Thursday, July 10, 2008
Analog Television Demise Signals No Reception for Millions of Poor Consumers
Both cable and network television have their hands full trying to remain on the radar of the millions of consumers who now gravitate to the Web for news, communication, information, shopping, travel-planning, entertainment and increasingly content that was once the exclusive domain of television.
On February 17, 2009 the entire television broadcast industry is going fully digital. It's hard to miss the commercials warning of the impending switch. Cable companies around the country have committed $1 billion to educating consumers about the switch, and offering information about how to apply for government subsidized coupons from the Department of Commerce (wouldn't want anyone missing all that commercial advertising...) to offset the purchase price of a new digital converter.
But what exactly does this "switch" mean?
For one it means the tried and true analog signal that broadcasts over the 700 megahertz band, the same one that's brought us countless hours of television programming for decades, will simply no longer work; if you don't have cable that is.
The Digital Television Transition and Public Safety Act of 2005 makes it law with the stamp of the United States Congress. In a page ripped right out of the "Large Cable Company Wish List", Congress has made the purchase of new digital televisions and digital cable boxes mandatory if you want to watch TV.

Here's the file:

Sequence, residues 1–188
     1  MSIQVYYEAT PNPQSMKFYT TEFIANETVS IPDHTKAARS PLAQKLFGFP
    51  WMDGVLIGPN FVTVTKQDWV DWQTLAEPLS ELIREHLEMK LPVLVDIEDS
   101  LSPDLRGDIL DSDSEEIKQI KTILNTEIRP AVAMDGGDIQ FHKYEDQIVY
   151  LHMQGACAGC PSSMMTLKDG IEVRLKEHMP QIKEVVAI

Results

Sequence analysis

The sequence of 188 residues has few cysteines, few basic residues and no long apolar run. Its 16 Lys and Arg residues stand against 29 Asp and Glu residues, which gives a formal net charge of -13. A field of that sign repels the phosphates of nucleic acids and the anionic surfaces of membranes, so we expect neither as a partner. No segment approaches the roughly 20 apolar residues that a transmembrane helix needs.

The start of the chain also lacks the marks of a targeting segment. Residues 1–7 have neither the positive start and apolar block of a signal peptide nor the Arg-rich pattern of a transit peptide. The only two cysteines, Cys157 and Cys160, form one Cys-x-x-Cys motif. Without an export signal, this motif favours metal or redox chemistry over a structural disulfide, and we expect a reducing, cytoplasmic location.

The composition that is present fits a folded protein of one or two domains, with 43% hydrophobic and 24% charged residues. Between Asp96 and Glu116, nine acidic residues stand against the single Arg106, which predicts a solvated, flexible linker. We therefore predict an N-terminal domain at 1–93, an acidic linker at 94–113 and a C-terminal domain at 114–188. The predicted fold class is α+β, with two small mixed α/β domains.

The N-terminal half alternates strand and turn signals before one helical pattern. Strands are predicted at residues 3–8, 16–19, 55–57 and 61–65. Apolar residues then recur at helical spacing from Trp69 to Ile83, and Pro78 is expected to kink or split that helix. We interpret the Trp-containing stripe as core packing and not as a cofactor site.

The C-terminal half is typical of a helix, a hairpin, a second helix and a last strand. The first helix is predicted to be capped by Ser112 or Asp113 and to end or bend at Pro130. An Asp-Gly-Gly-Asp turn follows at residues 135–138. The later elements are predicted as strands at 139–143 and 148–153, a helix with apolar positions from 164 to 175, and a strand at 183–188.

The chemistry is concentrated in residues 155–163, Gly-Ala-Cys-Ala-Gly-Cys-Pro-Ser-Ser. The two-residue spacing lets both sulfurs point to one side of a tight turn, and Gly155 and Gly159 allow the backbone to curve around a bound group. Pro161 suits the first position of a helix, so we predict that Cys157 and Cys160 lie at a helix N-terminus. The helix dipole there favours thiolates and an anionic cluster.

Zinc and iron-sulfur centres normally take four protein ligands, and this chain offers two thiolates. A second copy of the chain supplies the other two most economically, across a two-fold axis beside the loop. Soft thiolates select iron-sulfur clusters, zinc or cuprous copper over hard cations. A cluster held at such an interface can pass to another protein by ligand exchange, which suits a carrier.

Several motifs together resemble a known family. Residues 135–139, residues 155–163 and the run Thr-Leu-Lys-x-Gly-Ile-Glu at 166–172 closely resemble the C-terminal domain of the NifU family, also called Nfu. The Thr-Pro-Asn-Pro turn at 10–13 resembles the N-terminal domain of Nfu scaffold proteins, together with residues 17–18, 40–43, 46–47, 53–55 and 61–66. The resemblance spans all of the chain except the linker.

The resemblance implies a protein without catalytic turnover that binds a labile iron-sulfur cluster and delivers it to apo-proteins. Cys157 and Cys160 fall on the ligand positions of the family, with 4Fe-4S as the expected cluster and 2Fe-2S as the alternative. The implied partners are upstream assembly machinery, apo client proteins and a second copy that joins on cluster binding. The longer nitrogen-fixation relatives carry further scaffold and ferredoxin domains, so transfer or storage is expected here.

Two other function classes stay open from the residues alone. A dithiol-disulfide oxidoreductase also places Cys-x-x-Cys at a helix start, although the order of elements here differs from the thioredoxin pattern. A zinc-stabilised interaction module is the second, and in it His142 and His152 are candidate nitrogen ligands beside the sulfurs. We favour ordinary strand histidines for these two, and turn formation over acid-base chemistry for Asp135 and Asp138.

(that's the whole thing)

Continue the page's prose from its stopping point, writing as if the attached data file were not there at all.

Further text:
In a secret bidding process that most Americans don't even really know about, the FCC auctioned off the 700 megahertz band for an eye-opening $19.6 billion in early 2008.
700 MHz penetrates walls and large telecommunications companies like AT&T and Verizon will now use a portion of it to handle the massive bandwidth needs of consumers using mobile phones, PDA's, Blackberry's, iPhones and laptop computers to download and share content over the Internet. The government will also turn some space over to emergency channels for firemen and police.
One thing that concerns me is that there are millions of low-income people in America who currently still use the old "rabbit-ears" or rooftop TV receptors to watch television. A disproportionate number of those people are Hispanic and African-Americans. Some can't afford a new digital-ready television, some just can't afford the high monthly fees to get cable.
Some just have no desire to get cable. Regardless, by February 10, 2008 they won't be able to watch TV.
There's something inherently unfair about that to me and it comes with a lot of ethical questions; and some environmental ones too. Senior editor Kenneth Hein explored some of these questions in the June 30, 2008 issue of Brandweek.
The digital transition has an array of permutations, more content, more bandwidth, more devices interconnected to the Internet - but it also means millions of Americans living on the fringes of the economy being totally cut off from television broadcast content, including news and public television, because they simply cannot afford the connection.
That's a lot of people left out of the digital equation.